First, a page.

Each tray of the machine 10 further includes an upstanding rear wall 14 which is supported sufficiently forwardly of the rear of the outer cabinet (not shown), as to permit each helix operating motor assembly 16 to be mounted to the rear of the respective rear wall 14.

By preference, each rear wall 14 is provided a plurality of regularly spaced locations along its width, above the location of each tray 12, not only with a plurality of openings 18 which permit a helix-operating motor assembly 16 to the rear wall, by appropriate fasteners such as clips 20, but also with openings 22 through which the drive chuck 24 of each motor assembly 16, when so mounted, is available for plugging-in of the rearwardly projecting helix adapter stem (not shown), of non-circular transverse cross-sectional shape, for unidirectional rotation of the helix (suggested at 26) about the longitudinal axis of the helix. Typically, the helix 26 is made of spring steel.

The helix 26 is arranged to be rotated by the motor assembly 15 in a stepwise fashion, e.g. through a fixed number of rotational degrees, or until a certain amount of time has elapsed, and/or until a sensing device senses and reports that an event has occurred, whichever happens first, or whichever happens last. The rear end of the helix 26 is supported from the rear wall 14 by virtue of the stem of the helix adapter being plugged into the chuck 24 of the motor assembly and the motor assembly 16 being mounted by the clips 20 to the rear wall 14. Forwardly of its stem, the helix 26 is supported for rotation by simply resting on the upper surface 28 of the tray 12.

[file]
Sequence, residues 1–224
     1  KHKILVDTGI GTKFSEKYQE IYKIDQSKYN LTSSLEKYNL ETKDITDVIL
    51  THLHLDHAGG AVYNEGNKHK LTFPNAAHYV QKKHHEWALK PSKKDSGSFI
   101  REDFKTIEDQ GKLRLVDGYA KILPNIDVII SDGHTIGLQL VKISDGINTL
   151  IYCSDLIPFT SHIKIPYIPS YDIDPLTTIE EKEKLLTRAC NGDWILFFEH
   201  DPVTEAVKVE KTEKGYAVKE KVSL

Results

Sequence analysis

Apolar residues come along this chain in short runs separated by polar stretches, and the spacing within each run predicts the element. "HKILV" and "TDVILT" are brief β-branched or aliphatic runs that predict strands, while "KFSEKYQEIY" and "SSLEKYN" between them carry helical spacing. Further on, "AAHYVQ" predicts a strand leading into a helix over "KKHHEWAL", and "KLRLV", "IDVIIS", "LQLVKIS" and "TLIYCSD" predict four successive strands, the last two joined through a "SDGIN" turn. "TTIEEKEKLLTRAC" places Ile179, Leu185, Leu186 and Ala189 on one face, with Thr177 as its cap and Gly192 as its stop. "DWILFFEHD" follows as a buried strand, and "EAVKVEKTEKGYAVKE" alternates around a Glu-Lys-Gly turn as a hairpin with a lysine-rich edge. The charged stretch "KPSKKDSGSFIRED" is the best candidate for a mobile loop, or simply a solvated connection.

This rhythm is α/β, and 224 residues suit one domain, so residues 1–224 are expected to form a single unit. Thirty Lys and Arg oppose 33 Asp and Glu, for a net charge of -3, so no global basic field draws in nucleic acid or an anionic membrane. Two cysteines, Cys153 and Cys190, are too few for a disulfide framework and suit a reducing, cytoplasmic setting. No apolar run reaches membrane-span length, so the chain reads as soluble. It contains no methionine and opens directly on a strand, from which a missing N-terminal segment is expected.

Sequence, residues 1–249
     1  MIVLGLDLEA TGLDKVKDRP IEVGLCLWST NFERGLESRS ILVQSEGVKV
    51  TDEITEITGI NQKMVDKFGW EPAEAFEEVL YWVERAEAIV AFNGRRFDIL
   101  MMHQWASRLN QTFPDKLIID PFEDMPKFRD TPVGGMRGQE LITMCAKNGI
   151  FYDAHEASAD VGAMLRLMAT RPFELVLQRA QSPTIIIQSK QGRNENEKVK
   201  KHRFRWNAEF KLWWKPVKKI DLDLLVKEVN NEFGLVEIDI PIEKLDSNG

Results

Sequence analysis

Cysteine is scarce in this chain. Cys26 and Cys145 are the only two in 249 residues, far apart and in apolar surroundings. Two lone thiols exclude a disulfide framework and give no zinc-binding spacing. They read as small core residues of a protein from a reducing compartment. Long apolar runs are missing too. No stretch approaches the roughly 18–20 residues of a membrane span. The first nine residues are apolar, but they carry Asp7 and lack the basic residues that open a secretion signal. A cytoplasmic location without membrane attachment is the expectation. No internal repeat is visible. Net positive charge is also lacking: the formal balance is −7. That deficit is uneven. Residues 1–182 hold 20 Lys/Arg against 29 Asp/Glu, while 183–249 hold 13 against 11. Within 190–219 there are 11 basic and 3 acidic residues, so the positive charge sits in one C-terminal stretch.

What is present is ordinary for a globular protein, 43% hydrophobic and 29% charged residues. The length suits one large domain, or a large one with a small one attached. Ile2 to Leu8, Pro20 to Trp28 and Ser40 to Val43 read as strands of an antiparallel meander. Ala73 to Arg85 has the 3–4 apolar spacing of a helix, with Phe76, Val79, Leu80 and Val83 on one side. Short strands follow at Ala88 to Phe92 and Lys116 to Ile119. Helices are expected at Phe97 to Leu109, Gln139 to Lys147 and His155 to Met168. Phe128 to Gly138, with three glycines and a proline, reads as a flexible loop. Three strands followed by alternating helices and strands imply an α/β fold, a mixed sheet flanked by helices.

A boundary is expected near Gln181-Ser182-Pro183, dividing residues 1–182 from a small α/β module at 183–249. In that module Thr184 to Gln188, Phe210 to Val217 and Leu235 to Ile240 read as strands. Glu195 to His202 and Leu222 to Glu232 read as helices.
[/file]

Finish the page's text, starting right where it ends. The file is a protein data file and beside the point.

As stated above, by preference the space over the surface 28 on one tray 12 is divided, at least notionally and preferably also physically, into a plurality of side-by-side, forwardly-rearwardly extending horizontal columns 30. In the drawing, two columns are visible; these could (and usually would) be more than two. These may be equally as wide as one another, or different widths, e.g. for respectively vending packages having the same, or different widths, each column being served by (preferably) one stepwise-driven helix 26 (or, less preferably) by two counter-rotating stepwise-driven helices, ranked side by side, with spacing between them.